Horizon: How You Really Make Decisions – Professor Daniel Kahneman Photo: BBC
Neil Midgley reviews an episode of Horizon, which revealed that humans are nowhere near as rational as we think we are
Horizon: How You Really Make Decisions (BBC Two) spent much of its precious hour not on psychological science, but on pointless general views of New York and London. There were a lot of street scenes, an interlude featuring a bike, and quite a lot of violin music. All this wasted energy meant that, once the programme had dangled its fascinating thesis in front of its audience, it then didn’t offer enough proof in support.
Professor Daniel Kahneman is an eminent psychologist, and has won a Nobel Prize for his work on behavioural economics. Kahneman’s theory is that human beings are nowhere near as rational as we think we are – and that, in fact, most of our decisions are made by a separate, more intuitive psychological system, which is biased both by our species’ evolution and by our own previous experiences.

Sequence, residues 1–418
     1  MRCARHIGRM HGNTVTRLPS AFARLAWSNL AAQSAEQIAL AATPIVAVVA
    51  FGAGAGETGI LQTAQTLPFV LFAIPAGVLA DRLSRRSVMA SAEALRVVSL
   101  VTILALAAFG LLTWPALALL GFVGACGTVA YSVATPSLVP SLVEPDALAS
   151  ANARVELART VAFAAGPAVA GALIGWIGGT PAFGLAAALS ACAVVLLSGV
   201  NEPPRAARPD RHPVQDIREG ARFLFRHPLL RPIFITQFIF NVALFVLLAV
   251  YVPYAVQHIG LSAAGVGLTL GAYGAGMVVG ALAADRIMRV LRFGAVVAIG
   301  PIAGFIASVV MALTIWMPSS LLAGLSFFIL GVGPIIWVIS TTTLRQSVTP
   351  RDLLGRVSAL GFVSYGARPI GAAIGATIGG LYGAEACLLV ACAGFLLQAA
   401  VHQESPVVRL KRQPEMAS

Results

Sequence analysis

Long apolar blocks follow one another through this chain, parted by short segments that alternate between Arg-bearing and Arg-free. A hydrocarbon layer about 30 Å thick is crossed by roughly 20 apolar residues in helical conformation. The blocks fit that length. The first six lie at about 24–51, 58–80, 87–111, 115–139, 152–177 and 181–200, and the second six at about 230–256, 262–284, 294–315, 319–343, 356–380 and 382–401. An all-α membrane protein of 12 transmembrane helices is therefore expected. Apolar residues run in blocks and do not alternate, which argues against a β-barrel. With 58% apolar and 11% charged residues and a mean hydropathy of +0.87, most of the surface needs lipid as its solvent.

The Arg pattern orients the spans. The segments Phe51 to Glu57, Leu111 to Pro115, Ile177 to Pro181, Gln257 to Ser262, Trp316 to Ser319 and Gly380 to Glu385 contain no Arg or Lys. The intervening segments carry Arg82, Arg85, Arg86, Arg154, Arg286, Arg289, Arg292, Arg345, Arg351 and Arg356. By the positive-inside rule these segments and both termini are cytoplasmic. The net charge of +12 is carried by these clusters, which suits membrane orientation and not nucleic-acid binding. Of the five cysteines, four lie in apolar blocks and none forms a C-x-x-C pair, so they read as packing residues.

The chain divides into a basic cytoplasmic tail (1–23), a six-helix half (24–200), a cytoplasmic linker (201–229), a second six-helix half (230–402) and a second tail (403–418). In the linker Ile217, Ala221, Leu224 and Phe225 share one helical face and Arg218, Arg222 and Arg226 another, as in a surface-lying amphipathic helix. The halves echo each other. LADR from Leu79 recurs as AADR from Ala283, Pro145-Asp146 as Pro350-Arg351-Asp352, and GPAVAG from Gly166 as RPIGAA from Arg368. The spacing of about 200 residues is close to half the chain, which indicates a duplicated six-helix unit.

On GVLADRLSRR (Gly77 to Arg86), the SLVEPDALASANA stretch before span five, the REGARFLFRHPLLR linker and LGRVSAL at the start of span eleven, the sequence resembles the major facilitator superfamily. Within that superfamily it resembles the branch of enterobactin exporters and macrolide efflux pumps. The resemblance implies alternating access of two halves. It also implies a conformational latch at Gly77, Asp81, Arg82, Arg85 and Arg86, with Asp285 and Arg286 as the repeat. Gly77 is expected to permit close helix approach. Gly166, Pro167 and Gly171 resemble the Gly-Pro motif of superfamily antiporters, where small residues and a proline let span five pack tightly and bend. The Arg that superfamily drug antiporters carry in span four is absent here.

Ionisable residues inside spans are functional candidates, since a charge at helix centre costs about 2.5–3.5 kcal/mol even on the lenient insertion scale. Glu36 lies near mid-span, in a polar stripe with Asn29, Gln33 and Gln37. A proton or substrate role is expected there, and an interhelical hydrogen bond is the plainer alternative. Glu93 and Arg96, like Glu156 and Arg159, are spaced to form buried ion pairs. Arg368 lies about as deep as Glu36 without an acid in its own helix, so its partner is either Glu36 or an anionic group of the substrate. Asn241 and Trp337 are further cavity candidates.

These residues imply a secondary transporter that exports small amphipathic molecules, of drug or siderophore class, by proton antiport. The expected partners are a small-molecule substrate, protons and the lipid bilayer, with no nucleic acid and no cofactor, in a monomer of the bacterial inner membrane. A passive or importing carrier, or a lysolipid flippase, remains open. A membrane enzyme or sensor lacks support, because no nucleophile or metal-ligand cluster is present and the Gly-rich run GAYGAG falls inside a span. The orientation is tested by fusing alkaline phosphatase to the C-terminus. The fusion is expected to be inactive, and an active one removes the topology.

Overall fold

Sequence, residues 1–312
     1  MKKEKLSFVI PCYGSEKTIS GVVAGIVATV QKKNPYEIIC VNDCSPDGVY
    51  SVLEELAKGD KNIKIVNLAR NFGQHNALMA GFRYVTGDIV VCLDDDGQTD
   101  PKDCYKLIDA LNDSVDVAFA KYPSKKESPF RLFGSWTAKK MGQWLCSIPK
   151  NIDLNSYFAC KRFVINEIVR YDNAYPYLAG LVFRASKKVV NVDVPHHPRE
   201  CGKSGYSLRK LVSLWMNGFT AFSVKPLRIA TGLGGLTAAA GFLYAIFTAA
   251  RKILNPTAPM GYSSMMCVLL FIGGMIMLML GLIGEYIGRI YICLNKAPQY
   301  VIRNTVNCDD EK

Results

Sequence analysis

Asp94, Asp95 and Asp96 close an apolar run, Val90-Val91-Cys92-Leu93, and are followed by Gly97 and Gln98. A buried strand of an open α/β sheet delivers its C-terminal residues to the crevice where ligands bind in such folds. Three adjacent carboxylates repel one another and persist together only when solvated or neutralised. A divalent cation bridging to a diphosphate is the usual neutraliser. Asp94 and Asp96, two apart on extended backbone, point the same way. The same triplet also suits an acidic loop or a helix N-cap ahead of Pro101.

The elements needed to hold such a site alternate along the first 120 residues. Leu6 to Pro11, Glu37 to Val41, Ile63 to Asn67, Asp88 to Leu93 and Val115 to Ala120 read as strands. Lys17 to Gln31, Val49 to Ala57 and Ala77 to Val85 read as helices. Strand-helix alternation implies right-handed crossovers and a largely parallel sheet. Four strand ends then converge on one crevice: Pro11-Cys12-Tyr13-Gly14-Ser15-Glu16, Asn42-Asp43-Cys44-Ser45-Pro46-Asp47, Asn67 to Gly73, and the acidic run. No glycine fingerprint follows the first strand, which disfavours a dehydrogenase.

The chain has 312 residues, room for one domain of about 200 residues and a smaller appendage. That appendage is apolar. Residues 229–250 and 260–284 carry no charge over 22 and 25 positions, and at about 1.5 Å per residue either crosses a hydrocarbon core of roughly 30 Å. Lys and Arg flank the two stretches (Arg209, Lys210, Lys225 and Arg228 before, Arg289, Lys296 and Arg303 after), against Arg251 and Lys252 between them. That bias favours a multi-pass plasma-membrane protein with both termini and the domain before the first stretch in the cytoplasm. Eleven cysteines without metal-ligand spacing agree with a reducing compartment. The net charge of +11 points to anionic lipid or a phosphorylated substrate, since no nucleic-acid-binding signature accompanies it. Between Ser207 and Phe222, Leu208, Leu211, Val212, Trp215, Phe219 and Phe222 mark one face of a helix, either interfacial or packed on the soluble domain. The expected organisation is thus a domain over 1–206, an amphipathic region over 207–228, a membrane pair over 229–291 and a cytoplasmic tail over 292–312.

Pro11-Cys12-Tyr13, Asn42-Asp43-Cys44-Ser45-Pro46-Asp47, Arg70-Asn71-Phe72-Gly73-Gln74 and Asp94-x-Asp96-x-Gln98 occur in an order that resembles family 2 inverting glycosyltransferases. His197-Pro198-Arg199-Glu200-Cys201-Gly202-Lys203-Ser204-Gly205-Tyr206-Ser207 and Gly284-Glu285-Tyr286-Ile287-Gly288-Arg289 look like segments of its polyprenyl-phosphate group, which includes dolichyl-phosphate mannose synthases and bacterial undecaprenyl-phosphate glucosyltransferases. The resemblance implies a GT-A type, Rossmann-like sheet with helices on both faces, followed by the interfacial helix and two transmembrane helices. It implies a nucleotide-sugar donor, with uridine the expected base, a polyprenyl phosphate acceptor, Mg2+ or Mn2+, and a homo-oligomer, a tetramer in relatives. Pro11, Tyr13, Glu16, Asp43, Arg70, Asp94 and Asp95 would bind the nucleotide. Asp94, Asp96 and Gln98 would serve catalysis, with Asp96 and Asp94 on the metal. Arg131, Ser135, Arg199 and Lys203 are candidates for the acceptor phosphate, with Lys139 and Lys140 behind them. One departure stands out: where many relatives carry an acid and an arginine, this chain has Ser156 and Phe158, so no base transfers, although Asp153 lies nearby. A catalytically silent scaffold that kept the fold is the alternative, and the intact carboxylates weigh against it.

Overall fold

So we humans are apparently guilty, for example, of “confirmation bias” – that is, we tend to make new decisions that fit with our old ones. Horizon had gained access to a training centre for spies, near Washington DC, where a simulation was said to bear this out. The programme asserted that the trainees didn’t give enough weight to new facts – but, frustratingly, didn’t explain where those poor guinea pigs had gone wrong.
Then there was our tendency towards “loss aversion”, which was said to have played a role in the financial crash. One psychologist said that, if we truly understood loss aversion – which causes us to make bad financial decisions, in predictably biased ways – we could design better institutions and better regulation. Better in what way? No answer to that one – it was time, instead, for a slow-motion montage of people looking thoughtful.
By the end, my conclusion was that Horizon’s producers had underestimated their viewers. Of course, I may just have watched too many bad science documentaries, and thus be simply guilty of confirmation bias. But my view seems pretty rational to me.